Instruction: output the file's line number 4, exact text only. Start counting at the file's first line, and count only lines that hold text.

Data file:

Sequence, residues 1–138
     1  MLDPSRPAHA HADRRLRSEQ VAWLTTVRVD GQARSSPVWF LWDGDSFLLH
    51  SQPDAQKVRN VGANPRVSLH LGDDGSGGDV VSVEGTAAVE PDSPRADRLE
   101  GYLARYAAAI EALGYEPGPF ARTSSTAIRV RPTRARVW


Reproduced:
   101  GYLARYAAAI EALGYEPGPF ARTSSTAIRV RPTRARVW